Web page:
The Theory Of Social And Economic Organization (Google eBook)

Front Cover
Simon and Schuster, Nov 24, 2009 - Social Science - 448 pages
6 Reviews
This book is an introduction to Max Weber’s ambitious comparative study of the sociological and institutional foundations of the modern economic and social order.

In this work originally published in German in 1920, Weber discusses the analytical methods of sociology and, at the same time, presents a devastating critique of prevailing sociological theory and of its universalist, determinist underpinnings. None of Weber’s other writings offers the reader such a grasp of his theories; none displays so clearly his erudition, the scope of his interests, and his analytical powers.
  

What people are saying - Write a review

User ratings

5 stars
2
4 stars
2
3 stars
2
2 stars
0
1 star
0

Review: The Theory of Social and Economic Organization

User Review  - Jorge Llaguno Sañudo - Goodreads

Weber its the source himself. Sometimes criticized of being too abstract or that his models were way to idealistic, nevertheless, he dissects the anatomy of power, and nails the concept of ... Read full review

Review: The Theory of Social and Economic Organization

User Review  - Josh Alfred - Goodreads

Mediocre, bland, I didn't get much from this book that I can recall. Rather off the spot, and sketchy. Read full review

Contents

The Author and His Career
3
Webers Methodology of Social Science
8
Webers Economic Sociology
30
The Institutionalization of Authority
56
The Modern Western Institutional System
78
The Fundamental Concepts of Sociology
87
The Definitions of Sociology and of Social Action
88
The Types of Social Action
115
Types of the Technical Division of Labour cont
227
Social Aspects of the Division of Labour
228
Social Aspects of the Division of Labour cont
233
Social Aspects of the Division of Labour cont
238
Social Aspects of the Division of Labour concluded
245
The Expropriation of Workers from the Means of Production
246
cont
248
The Concept of Occupation and Types of Occupational Structure
250

The Concept of Social Relationship
118
Modes of Orientation of Social Action
120
The Concept of Legitimate Order
124
The Types of Legitimate Order
126
The Bases of Legitimacy of an Order
130
The Concept of Conflict
132
Types of Solidary Social Relationships
136
Open and Closed Relationships
139
Representation and Responsibility
143
The Concept of Corporate Group and Its Types
145
Types of Order in Corporate Groups
148
Types of Order Governing Action in Corporate Groups
150
Types of Organization and of Corporate Groups
151
Power Authority and Imperative Control
152
Political and Religious Corporate Groups
154
Sociological Categories of Economic Action
158
The Concept of Utility
164
Modes of the Economic Orientation of Action
166
Typical Measures of Rational Economic Action
168
Types of Economic Corporate Groups
171
Media of Exchange Means of Payment Money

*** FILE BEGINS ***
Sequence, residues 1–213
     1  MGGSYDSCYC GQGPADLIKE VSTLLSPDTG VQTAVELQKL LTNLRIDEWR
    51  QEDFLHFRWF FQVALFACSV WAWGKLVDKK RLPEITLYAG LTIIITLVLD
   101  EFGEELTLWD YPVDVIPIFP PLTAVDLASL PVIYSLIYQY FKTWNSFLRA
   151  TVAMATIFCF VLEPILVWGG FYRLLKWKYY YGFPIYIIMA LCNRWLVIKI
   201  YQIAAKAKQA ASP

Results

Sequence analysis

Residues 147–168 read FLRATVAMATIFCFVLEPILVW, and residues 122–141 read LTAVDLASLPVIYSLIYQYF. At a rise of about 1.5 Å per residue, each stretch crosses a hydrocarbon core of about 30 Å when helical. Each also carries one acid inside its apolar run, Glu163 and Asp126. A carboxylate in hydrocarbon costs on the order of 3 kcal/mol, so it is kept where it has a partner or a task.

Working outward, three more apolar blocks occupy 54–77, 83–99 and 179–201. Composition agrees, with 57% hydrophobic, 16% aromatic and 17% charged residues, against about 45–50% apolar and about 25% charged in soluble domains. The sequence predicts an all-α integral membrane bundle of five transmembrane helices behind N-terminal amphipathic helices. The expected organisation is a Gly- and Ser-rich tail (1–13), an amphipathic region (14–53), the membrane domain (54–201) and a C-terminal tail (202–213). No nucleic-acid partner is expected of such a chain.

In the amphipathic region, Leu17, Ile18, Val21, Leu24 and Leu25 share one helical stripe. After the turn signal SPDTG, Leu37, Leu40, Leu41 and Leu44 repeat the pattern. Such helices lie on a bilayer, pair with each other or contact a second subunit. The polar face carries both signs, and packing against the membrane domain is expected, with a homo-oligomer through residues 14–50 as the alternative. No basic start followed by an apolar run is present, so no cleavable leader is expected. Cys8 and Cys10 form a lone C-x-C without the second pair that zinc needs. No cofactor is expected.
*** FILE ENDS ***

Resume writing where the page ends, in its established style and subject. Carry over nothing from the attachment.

173
The Primary Consequences of the Use of Money Credit
179
The Market
181
The Formal and Substantive Rationality of Economic Action
184
The Rationality of Monetary Accounting Management and Budget ing
186
The Concept and Types of Profit Making The Role of Capital
191
Calculations in Kind
202
The Formal and Substantive Rationality of a Money Economy
211
Market Economies and Planned Economies
212
Types of Economic Division of Labour
218
Types of the Technical Division of Labour
225
24A The Principal Forms of Appropriation and of Market Relation ship
254
Conditions Underlying the Calculability of the Productivity of Labour
261
Types of Communal Organization of Labour
265
Capital Goods and Capital Accounting
267
The Concept of Commerce and Its Principal Forms
268
The Concept of Commerce and Its Principal Forms cont
270
29A The Concept of Commerce and Its Principal Forms concluded
272
The Conditions of Maximum Formal Rationality of Capital Ac counting
275
The Principal Modes of Capitalistic Orientation of Profit Making
278
The Monetary System of the Modern State and the Different Kinds of Money
280
Restricted Money
289
Paper Money
291
The Formal and Material Value of Money
292
Methods and Aims of Monetary Policy
294
36A Critical Note on the State Theory of Money
299
The NonMonetary Significance of Political Bodies for the Eco nomic Order
309
Motives of Economic Activity
319
Legal Authority with a Bureaucratic Administrative Staff
329
The Monocrotic Type of Bureaucratic Administration
337
7A Gerontocracy Patriarchalism and Patrimonialism
346
Decentralized Patrimonial Authority
352
Charismatic Authority
358
The Routinization of Charisma and Its Consequences cont
367
12B Feudalism
373
Combinations of the Different Types of Authority
382
nomic Situation
406
Types of Government of Corporate Groups Which Minimize Imperative
412
Representation by the Agents of Interest Groups
421
Index
431
Copyright

Common terms and phrases

References to this book

All Book Search results »

About the author (2009)

Max Weber, a German political economist, legal historian, and sociologist, had an impact on the social sciences that is difficult to overestimate. According to a widely held view, he was the founder of the modern way of conceptualizing society and thus the modern social sciences. His major interest was the process of rationalization, which characterizes Western civilization---what he called the "demystification of the world." This interest led him to examine the three types of domination or authority that characterize hierarchical relationships: charismatic, traditional, and legal. It also led him to the study of bureaucracy; all of the world's major religions; and capitalism, which he viewed as a productof the Protestant ethic. With his contemporary, the French sociologist Emile Durkheim---they seem not to have known each other's work---he created modern sociology.

Bibliographic information